Gilman Louie

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Gilman Louie
Right profile photo of Louie taken on August 1, 2007
Louie in 2008
Born1960 (age 61–62)
EducationSan Francisco State University (BSBA)
OccupationVenture capitalist, former video game designer
Known forCEO of Spectrum Holobyte, co-founder and CEO of In-Q-Tel

Gilman Louie (born 1960) is an American technology venture capitalist who got his start as a video game designer and then co-founded and ran the CIA venture capital fund In-Q-Tel.[1] With his company Nexa Corporation he designed and developed multiple computer games such as the F-16 Fighting Falcon flight simulator series. His company later merged with Spectrum Holobyte where he was CEO until its acquisition by Hasbro, after which he became Chief Creative Officer and General Manager of its Games.com group. He has served on a number of boards of directors, including Wizards of the Coast, Niantic, Total Entertainment Network, FASA Interactive, Wickr, Aerospike, the Chinese American International School, Markle Foundation, and Digital Promise. He is chairman of the Federation of American Scientists and Vricon.[2][3]

Early life and education[edit]

Louie was born in San Francisco.[4] He graduated in 1983 from San Francisco State University with a Bachelor of Science degree in business administration.[5][6] In 1997, he attended the then thirteen-week Advanced Management Program (AMP) and International Senior Management Program (ISMP) at Harvard Business School.[5]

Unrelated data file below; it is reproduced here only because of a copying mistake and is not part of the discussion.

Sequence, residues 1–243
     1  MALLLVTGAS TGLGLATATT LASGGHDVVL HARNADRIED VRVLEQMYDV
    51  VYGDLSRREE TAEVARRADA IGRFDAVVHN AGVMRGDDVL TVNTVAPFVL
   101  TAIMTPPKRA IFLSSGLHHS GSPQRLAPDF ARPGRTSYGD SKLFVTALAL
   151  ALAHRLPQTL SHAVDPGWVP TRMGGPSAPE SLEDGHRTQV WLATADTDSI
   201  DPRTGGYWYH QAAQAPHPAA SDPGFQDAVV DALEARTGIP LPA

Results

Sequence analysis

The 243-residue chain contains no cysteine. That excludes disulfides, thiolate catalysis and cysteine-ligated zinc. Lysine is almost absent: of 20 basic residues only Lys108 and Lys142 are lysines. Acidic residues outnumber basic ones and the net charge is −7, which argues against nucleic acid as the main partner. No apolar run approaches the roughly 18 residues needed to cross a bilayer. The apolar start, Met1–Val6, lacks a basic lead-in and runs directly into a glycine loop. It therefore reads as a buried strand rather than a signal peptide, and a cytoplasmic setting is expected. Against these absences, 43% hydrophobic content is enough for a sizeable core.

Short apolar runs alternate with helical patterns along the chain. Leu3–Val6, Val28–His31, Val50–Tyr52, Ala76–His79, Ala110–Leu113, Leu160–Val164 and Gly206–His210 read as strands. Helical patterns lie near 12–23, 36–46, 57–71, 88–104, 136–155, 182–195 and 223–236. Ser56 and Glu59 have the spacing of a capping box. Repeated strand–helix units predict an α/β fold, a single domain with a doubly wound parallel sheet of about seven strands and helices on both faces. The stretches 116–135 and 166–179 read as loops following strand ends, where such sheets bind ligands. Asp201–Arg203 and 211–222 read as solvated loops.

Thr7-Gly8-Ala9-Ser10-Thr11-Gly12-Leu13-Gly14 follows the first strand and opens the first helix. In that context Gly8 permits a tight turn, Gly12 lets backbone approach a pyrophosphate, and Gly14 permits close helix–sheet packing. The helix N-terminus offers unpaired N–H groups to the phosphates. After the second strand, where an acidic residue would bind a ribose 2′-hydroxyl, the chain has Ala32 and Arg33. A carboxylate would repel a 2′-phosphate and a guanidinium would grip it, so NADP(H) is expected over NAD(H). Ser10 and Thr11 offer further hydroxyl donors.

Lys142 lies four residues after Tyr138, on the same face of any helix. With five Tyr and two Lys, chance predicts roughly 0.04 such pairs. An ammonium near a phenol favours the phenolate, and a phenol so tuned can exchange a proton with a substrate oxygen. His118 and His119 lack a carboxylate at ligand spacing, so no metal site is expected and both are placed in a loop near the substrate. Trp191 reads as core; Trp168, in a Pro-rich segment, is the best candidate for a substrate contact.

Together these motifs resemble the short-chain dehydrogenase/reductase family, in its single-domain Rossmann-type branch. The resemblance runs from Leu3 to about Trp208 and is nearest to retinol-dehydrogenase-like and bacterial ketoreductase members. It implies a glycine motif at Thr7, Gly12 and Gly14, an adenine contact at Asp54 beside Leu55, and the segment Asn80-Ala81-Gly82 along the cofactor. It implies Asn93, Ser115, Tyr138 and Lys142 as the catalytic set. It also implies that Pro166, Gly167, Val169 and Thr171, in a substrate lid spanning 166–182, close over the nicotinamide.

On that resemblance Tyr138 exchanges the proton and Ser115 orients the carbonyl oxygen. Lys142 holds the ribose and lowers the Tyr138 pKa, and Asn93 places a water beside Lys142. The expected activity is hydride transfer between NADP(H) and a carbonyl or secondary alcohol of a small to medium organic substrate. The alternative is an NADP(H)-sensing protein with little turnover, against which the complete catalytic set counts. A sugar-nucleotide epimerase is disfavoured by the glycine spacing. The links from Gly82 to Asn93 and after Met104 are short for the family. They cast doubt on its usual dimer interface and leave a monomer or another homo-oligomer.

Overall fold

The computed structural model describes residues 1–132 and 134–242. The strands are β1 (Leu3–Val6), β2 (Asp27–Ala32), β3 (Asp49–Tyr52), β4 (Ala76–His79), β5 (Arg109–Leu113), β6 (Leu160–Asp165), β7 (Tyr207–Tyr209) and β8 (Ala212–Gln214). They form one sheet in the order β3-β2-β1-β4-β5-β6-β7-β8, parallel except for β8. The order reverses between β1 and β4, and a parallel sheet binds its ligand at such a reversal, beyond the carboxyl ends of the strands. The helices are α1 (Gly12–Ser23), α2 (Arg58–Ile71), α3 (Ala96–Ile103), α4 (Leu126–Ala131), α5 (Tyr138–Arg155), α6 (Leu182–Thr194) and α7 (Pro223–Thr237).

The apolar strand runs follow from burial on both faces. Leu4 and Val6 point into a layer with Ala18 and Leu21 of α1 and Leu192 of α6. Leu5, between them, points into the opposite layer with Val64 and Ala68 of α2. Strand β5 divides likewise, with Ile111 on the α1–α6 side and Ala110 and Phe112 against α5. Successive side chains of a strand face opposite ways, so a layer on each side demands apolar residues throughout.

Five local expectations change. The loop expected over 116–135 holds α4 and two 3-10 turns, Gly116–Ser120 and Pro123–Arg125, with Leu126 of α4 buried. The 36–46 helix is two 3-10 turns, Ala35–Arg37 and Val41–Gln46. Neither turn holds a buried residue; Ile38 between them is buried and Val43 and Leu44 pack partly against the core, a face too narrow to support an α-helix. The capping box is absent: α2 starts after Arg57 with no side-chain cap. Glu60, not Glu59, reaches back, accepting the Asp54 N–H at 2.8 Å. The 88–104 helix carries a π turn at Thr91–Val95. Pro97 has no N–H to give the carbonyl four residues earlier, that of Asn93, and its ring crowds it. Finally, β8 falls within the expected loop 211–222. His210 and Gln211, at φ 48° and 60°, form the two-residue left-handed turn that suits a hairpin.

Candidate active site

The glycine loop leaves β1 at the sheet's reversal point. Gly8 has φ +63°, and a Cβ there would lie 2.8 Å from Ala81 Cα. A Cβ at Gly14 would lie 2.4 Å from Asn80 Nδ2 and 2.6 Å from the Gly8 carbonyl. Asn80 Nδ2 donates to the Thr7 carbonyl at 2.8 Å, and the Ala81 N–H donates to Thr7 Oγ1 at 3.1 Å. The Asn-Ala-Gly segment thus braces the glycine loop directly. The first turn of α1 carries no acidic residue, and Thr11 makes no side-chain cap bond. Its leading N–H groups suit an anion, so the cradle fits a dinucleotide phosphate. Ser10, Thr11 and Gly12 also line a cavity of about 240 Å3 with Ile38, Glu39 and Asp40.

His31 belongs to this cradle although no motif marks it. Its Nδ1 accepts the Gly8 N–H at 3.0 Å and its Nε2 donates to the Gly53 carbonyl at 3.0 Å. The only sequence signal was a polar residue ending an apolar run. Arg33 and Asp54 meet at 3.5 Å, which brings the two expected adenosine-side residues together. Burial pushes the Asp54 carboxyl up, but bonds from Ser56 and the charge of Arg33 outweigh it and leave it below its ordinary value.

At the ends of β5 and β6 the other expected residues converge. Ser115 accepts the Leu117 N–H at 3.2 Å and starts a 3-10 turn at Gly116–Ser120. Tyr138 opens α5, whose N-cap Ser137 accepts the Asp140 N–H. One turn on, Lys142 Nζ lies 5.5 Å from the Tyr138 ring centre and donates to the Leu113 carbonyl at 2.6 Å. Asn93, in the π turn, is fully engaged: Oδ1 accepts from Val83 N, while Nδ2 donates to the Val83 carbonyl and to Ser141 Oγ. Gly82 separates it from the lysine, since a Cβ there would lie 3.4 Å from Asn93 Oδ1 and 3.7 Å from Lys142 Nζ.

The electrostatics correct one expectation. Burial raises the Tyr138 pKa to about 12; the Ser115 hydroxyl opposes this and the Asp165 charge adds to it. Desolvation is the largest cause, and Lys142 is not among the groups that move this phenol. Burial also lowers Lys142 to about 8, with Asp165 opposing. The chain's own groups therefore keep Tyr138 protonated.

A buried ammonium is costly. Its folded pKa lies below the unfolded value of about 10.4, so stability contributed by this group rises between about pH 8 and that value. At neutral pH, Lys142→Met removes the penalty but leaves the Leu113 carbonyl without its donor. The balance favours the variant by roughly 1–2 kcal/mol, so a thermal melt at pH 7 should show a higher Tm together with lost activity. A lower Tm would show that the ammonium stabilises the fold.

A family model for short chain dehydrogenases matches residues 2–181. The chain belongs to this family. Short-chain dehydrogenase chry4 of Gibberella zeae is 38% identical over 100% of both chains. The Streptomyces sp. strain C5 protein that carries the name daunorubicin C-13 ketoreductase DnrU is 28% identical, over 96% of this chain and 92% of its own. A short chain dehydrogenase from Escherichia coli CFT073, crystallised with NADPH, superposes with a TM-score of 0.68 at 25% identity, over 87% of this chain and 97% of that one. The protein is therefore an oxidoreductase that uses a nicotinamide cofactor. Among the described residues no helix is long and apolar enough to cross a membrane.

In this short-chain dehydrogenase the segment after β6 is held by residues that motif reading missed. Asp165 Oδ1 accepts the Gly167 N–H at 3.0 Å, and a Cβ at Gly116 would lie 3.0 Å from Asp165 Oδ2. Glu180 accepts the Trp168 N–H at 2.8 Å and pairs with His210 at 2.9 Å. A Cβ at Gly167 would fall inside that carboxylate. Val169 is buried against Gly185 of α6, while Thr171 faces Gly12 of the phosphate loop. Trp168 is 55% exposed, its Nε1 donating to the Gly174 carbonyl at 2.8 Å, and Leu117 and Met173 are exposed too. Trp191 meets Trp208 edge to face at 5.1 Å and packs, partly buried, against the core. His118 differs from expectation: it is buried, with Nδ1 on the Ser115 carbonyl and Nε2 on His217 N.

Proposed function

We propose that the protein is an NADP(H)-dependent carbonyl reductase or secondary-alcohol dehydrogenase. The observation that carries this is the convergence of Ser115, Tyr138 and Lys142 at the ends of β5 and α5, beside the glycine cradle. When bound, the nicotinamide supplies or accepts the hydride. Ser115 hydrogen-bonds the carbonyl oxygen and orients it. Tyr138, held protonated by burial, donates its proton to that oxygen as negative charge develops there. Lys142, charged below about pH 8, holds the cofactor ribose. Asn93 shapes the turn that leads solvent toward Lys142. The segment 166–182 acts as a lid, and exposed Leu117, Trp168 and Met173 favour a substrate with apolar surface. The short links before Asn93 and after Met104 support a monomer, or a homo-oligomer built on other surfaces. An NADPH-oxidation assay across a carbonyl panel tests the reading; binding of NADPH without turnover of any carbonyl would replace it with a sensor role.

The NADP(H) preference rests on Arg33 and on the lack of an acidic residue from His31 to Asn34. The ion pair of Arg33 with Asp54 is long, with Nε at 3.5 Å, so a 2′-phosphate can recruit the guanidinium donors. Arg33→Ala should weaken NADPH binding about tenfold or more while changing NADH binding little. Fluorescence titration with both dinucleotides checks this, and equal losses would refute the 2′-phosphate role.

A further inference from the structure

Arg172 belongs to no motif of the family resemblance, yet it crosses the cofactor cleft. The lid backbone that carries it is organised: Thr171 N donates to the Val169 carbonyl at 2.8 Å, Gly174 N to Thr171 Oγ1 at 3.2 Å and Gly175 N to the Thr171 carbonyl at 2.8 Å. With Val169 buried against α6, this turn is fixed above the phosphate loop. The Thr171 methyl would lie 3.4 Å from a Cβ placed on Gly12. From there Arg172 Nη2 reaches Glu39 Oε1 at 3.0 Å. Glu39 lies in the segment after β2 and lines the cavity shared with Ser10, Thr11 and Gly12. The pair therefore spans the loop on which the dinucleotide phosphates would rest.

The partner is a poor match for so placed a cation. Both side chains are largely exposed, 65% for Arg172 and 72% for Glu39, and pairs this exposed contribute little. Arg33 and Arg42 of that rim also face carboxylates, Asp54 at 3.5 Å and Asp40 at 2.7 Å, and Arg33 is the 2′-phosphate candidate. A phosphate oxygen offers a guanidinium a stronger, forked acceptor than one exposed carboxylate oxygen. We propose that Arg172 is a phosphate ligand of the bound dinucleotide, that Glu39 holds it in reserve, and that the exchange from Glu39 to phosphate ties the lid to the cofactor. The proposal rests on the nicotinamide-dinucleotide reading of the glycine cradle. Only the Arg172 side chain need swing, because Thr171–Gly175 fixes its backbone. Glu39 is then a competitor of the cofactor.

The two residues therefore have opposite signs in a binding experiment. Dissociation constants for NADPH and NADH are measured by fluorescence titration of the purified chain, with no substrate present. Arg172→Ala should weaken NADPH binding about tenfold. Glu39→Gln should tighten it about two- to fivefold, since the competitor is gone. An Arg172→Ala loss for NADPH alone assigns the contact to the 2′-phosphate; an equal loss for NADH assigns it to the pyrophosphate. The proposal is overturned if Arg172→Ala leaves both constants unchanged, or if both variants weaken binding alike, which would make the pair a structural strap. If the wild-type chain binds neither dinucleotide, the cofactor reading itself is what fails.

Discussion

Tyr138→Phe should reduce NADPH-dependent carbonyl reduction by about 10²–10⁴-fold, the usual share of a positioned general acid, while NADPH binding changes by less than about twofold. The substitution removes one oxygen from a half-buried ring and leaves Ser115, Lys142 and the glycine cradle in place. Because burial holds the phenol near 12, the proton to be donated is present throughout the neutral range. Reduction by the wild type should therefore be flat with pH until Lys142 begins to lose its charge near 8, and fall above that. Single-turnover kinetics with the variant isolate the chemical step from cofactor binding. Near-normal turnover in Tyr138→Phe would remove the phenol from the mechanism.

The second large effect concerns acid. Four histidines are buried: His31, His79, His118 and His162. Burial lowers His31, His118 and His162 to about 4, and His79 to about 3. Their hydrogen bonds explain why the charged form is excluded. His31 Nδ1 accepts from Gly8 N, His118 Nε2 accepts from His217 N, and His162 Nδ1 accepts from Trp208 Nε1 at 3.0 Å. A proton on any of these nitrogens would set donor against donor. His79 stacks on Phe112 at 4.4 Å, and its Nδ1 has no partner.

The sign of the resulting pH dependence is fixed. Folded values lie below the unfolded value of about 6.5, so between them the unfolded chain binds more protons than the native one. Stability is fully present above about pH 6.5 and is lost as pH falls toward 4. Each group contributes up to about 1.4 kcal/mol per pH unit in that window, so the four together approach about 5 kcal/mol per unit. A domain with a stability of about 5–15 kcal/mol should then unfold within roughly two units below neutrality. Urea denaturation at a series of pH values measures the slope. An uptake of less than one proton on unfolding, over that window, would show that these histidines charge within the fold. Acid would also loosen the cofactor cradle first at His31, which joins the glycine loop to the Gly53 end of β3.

Career[edit]

Video games[edit]

He built a career in the video game industry, founding a company in 1981 while still in college. He called it NEXA Corporation, based on a department at SFSU that was a combination of the humanities and the sciences. In 1986 his company merged with Spectrum Holobyte via a shell company called Sphere, Inc., with Louie as CEO, and then he became CEO of Spectrum Holobyte in 1992. In 1992 he acquired MicroProse. His most prominent games were when he designed and developed the F-16 Fighting Falcon flight simulator series {1984–1998) and he licensed Tetris (1987), one of the world's most popular video games, from its developers in the Soviet Union, then updating it for an American market.[1] His company was acquired by Hasbro Interactive in 1998, where Louie served as Chief Creative Officer and general manager of the Games.com group.[7]

Venture capital[edit]

In 1999 he co-founded and became the CEO of the non-profit Peleus (later In-Q-It and then In-Q-Tel). It was a company created with $30 million in seed money from the US federal government,[4] and intended to help enhance national security by connecting the United States Intelligence Community with venture-backed entrepreneurial companies and making venture capital style investments in new technologies.

As of 2021, Louie is a partner of Alsop Louie Partners,[1] a venture capital fund focused on helping entrepreneurs start companies. Known investments of Alsop Louie Partners include Niantic, Inc., Wickr, Cleversafe, Ribbit, Zephyr Technologies, Gridspeak, Netwitness, and LookingGlass Cyber Solutions.

Board activities[edit]